Style guidelines for the main paper:

The main report (min. of 4, max. of 8) is written in format of a letter.  Due to their letter nature, the research must be original and must be of interest to research scientists/engineers and industry in related fields.

 

Abstract guidelines:

The report begins with a fully referenced paragraph, ideally 200 words aimed at readers in the general area of engineering and physical sciences. The references must be up-to-date (e.g. referring to the best available materials, devices, circuits) & convey the relevance and originality of the research. This paragraph starts with a 3-4 sentence basic introduction to the problem area explaining the relevance and the issues.  This is followed by a one-sentence statement of the main conclusions (e.g. 'Here we show' or equivalent phrase); and finally, 2-3 sentences putting the main findings into general context so it is clear how the results described in the paper have moved the field forwards.

 

Body:

The text of the article must be succinct and start with general audience and progressively increase the complexity for experts. The body of the main paper must provide clear context to the present work based on established industry roadmaps, figures of merit or generally accredited framework (computational throughputs, leakage power, long form Reviews of Modern physics, IEEE proceedings, Nobel lectures). To enable the comparison it is encouraged that key quantitative findings of the paper are compared in a table with current references.   Any concluding statements at the end of the article must be short since key conclusion is clearly articulated at the introduction. A repetition of the conclusions in the abstract should be avoided. Concluding statements explaining future possibilities or evolution are encouraged.

 

Style guidelines for supplementary material (methods paper):

The supplementary material is a unique format to encourage complete and clear communication of the relevant information to the experts in the area, while providing a citable source for the students for the innovations in scientific method: processing, modeling and theory. Long form derivations and code submissions are encouraged for theoretical and modeling papers. Modeling papers could for example provide all relevant data (not necessarily the code but they could) required to reproduce or validate the results. The JxCDC encourages the authors to put the experimental details such as fabrication methods, detailed characterizations, models or simulation methods (if it is a theory paper). The supplementary information therefore documents innovations in the experimental and modeling scientific methods, e.g. an innovative process technique to avoid interface effects, newly adopted differential equation solvers or innovative developments in device/circuit analysis can be included (and students/researchers will have a citable source online). Background materials that help the reader can be referenced in the supplemental material.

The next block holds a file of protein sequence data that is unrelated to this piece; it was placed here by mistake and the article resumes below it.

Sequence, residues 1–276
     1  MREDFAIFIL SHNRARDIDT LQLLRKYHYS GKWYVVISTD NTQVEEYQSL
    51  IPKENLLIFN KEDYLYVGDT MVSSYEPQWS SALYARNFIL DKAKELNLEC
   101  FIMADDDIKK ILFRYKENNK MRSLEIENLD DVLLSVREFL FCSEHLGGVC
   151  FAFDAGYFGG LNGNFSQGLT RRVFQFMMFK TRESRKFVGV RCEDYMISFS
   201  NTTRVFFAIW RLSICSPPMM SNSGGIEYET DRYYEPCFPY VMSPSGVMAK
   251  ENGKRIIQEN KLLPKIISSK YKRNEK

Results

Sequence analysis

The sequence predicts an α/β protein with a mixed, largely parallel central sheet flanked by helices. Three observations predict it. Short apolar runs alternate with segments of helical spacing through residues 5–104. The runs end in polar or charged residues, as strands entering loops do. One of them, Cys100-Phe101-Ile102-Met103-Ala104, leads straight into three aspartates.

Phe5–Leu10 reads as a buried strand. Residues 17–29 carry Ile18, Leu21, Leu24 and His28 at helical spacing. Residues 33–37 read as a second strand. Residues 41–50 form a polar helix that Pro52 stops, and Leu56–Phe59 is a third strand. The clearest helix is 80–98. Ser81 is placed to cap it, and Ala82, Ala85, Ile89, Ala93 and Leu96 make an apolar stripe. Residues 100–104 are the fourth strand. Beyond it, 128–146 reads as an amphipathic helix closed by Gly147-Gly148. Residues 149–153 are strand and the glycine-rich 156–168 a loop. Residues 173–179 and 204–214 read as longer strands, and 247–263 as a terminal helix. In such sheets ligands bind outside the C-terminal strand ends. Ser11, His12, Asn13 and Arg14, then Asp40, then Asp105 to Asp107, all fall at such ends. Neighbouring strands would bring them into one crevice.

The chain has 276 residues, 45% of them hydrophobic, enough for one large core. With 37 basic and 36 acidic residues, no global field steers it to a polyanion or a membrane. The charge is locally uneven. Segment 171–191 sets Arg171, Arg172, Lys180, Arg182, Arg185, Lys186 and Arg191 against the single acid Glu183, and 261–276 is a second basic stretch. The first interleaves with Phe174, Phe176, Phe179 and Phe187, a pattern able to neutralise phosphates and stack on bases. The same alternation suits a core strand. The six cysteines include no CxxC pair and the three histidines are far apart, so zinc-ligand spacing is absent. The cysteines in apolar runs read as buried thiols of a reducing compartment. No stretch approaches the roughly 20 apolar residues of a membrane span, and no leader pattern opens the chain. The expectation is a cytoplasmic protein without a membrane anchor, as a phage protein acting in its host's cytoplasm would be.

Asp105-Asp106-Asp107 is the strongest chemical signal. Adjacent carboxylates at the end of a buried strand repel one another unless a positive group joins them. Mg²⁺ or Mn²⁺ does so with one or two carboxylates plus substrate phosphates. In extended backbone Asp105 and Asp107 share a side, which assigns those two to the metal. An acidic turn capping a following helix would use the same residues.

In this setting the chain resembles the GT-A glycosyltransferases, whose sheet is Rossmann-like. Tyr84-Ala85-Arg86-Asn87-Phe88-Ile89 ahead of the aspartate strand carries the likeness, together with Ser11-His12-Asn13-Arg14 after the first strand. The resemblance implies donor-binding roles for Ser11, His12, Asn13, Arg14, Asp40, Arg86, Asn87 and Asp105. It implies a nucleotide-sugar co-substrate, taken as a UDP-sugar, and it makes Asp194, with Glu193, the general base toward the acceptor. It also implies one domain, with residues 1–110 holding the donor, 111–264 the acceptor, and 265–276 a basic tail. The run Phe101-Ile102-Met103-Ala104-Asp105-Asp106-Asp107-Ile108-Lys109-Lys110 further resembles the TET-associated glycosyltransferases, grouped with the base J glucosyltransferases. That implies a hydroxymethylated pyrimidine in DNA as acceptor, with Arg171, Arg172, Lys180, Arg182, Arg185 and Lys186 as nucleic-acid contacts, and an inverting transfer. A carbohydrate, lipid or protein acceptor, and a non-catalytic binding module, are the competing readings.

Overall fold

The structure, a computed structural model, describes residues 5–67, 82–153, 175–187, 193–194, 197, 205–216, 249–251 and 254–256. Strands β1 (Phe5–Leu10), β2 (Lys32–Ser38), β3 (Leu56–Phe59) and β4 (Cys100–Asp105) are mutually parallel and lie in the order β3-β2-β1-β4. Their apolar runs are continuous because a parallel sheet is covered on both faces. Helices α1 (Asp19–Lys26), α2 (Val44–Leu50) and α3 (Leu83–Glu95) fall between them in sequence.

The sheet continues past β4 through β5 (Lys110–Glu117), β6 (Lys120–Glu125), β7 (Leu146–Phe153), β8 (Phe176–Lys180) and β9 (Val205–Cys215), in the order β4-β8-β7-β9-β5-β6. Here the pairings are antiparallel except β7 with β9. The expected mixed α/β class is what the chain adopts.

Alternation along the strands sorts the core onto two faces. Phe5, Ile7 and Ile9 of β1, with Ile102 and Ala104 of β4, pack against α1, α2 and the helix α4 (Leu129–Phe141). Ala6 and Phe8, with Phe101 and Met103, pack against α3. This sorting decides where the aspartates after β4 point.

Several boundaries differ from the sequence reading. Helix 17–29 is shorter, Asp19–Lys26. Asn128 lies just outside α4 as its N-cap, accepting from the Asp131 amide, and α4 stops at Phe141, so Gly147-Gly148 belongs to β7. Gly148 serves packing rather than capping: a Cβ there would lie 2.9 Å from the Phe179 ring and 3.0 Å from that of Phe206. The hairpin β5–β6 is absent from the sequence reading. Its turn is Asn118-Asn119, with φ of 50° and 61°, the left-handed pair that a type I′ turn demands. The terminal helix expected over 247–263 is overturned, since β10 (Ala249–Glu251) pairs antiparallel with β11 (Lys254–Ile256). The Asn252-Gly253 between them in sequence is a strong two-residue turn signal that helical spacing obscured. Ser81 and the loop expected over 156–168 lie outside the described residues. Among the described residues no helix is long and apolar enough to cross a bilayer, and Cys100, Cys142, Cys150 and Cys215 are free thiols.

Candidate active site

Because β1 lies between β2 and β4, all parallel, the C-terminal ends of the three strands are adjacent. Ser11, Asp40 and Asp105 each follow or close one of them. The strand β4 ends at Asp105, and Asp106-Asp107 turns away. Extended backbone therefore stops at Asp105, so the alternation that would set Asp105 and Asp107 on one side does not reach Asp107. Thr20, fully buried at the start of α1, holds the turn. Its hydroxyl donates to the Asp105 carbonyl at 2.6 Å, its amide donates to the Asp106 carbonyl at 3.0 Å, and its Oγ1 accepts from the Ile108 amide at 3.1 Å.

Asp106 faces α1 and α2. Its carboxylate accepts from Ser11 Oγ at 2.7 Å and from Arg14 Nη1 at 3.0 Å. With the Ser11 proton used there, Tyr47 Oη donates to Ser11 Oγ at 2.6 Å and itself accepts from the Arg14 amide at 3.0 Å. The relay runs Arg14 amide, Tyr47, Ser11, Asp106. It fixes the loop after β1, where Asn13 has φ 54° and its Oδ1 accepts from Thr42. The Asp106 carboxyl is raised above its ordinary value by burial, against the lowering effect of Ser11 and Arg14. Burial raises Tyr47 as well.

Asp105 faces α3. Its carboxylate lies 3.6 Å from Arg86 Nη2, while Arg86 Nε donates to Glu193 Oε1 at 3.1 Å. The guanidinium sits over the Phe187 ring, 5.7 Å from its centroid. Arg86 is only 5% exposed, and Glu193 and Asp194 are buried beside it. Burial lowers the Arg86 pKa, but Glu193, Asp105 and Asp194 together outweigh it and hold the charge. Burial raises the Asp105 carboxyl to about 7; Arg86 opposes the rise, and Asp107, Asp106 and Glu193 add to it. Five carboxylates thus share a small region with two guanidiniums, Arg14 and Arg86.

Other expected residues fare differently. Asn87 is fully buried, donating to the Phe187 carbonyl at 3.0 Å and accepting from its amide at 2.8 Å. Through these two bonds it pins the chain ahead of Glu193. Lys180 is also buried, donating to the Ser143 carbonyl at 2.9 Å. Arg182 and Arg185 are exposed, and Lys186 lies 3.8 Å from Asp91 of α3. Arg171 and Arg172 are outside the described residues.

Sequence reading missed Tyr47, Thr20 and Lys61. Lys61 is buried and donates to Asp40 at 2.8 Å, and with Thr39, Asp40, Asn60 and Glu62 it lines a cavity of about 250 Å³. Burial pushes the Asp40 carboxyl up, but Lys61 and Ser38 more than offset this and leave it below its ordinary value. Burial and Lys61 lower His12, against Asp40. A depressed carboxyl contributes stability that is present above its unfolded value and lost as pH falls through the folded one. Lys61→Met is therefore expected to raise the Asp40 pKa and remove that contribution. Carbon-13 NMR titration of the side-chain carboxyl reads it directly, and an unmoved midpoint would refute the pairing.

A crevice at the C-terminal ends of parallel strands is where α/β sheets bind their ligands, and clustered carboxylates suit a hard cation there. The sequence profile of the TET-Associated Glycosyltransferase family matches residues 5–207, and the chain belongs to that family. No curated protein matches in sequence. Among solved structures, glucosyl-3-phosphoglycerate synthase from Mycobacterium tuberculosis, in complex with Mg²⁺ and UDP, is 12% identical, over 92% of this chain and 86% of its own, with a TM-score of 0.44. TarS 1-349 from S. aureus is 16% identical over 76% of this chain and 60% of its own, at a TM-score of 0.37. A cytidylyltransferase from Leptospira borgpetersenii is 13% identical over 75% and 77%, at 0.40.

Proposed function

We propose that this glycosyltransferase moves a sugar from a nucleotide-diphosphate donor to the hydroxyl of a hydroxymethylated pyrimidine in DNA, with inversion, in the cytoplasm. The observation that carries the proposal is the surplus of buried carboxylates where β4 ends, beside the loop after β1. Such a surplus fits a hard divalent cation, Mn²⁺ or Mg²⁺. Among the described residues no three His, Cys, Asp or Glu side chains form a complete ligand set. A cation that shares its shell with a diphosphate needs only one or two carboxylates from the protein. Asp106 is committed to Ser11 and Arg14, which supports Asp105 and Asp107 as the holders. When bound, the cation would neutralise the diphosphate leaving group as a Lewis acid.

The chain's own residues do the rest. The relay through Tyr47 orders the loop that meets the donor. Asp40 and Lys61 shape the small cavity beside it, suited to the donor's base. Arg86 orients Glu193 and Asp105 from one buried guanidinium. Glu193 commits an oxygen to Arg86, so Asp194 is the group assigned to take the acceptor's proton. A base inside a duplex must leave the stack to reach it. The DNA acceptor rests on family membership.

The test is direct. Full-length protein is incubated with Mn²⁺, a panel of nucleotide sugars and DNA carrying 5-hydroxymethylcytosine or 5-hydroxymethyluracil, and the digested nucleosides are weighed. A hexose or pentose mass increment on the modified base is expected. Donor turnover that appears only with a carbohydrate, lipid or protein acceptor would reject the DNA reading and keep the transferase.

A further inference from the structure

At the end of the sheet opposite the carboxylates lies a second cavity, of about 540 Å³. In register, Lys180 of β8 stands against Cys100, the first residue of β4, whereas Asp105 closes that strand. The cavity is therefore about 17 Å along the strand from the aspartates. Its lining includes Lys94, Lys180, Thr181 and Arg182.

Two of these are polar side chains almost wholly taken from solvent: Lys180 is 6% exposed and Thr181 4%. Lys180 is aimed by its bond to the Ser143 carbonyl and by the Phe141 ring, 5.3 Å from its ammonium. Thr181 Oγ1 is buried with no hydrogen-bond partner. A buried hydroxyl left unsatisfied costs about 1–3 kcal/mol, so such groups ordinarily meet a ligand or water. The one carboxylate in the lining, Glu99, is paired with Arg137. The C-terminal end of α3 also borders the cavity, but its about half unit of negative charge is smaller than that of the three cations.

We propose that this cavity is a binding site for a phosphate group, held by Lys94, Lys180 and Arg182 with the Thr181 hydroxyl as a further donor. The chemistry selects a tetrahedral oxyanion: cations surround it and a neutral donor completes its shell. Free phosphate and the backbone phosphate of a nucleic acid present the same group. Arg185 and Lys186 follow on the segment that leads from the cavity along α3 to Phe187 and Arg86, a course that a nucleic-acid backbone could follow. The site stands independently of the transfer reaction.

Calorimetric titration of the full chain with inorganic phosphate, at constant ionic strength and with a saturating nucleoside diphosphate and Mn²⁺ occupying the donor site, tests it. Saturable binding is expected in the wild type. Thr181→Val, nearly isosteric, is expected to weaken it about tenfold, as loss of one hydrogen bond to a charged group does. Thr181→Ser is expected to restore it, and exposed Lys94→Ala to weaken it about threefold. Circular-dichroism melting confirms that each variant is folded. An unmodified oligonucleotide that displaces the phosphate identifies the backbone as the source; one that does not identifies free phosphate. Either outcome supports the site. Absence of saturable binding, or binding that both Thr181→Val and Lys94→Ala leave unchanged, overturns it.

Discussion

The supplementary material part begins with an unreferenced abstract (typically 150 words) and is divided into separate sections for introduction, results, discussion and methods. Introduction and discussion are brief and focused. The results section usually contains a general description followed by their validation. The methods section provides technical details necessary for the independent validation of the methodology, without referring to a chain of bibliographical references. The text of the supplementary material (excluding abstract, methods, references and figure legends) is limited to 6000 – 7000 words.  Articles have no more than 12 display items (figures and tables). The results and methods should be divided by topical subheadings; the discussion may contain subheadings at the author’s discretion.   If statistical testing was used to analyze the data, the methods section can contain a subsection on statistical analysis. If significant EDA tools are employed, relevant validation can be provided for the novel approach. The experimental tools and the instrumentation used must be explained in a clear schematic preferably with the models (part numbers) mentioned.

In summary, all the new contributions and accomplishments are to be summarized in the 4 to 8 page main paper. The main paper format will be such that it can be understood by not only the expert but also the non-expert (providing the context to someone unfamiliar but wanting to follow progress in the field). All experimental or simulation methods to enable reproducing/validating the results of the paper are in the supplementary material (detailed methods) part.